Home-furnishings retailer West Elm offers service packages, which start at $129, to provide plumbing and electrical work, painting, installing a television and hanging wall art and mirrors.
Home Depot executives want to establish stores as an education center so young adults can learn household maintenance for themselves. Snagging a new homeowner’s first purchases, says Ted Decker, Home Depot executive vice president of merchandising, helps drive return trips and represents potentially “thousands and thousands of dollars” in lifetime sales.
The company credited home purchases by young adults as a factor in its 9.5% rise in net income in its most recent quarter and raised its sales and profit expectations for the rest of the year.
In June the company introduced a series of online workshops, including videos on how to use a tape measure and how to hide cords, that were so basic some executives worried they were condescending. “You have to start somewhere,” Mr. Decker says.
Lisa DeStefano, Home Depot vice president of marketing, initially hesitated looking over the list of proposed video lessons, chosen based on high-frequency online search queries. “Were we selling people short? Were these just too obvious?” she says she asked her team. On the tape-measure tutorial, “I said ‘come on, how many things can you say about it?’ ” Ms. DeStefano says.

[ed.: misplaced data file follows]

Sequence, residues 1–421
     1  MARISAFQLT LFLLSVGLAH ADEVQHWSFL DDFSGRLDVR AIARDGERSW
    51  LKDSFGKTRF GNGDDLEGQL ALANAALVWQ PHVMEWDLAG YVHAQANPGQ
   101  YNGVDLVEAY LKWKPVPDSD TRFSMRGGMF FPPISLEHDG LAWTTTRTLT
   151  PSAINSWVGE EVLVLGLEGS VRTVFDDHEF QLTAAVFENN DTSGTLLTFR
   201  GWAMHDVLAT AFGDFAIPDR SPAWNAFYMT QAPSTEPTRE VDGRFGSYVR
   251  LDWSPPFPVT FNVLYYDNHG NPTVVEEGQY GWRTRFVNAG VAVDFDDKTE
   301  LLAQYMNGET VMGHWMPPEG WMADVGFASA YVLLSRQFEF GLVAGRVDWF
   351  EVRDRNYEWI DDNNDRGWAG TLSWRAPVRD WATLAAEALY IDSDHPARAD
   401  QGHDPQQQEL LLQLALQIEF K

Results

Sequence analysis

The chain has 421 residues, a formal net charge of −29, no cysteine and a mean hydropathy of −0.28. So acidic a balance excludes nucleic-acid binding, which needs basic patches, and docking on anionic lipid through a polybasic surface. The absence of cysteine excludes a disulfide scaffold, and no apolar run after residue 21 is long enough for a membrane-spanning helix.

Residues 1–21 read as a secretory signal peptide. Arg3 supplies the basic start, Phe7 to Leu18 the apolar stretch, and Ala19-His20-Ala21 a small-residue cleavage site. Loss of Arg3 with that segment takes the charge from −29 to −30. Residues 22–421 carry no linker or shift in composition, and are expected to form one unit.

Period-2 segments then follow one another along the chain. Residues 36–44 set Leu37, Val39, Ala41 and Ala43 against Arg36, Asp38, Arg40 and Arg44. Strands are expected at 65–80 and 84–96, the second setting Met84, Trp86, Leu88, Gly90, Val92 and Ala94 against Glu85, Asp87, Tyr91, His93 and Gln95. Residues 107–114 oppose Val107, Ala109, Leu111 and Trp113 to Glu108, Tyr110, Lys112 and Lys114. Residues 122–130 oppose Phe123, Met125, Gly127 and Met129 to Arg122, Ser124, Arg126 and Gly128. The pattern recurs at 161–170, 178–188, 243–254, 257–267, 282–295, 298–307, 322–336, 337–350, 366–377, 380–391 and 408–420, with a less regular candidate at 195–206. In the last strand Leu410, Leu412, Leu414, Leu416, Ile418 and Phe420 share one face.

In the end, Ms. DeStefano herself learned a new tape-measure trick: Attach the end of the tape to a nail and hold a pencil against the tape measure’s base to draw a perfect circle. More lessons are coming, Ms. DeStefano says, including how to hang Christmas lights.
On a recent Saturday, Nadera Algoo, 25, attended a ceiling-fan installation class at a Home Depot store in Manhattan. She has also attended the store’s workshop on painting and drywall repair.
Though the high-school chemistry teacher lives at home with her parents in Brooklyn, Ms. Algoo wants to learn to do basic repairs for when she eventually moves out, so she doesn’t have to hire help. “It’s so easy to get ripped off,” she says. “And it’s cool to know.”
Al Manigault, the Home Depot workshop captain leading the class, asked Ms. Algoo to attach the fan to an electrical box. He nodded as she twisted wire connectors into place. “Very nice,” he said, as the four other students—all middle-aged men—looked on.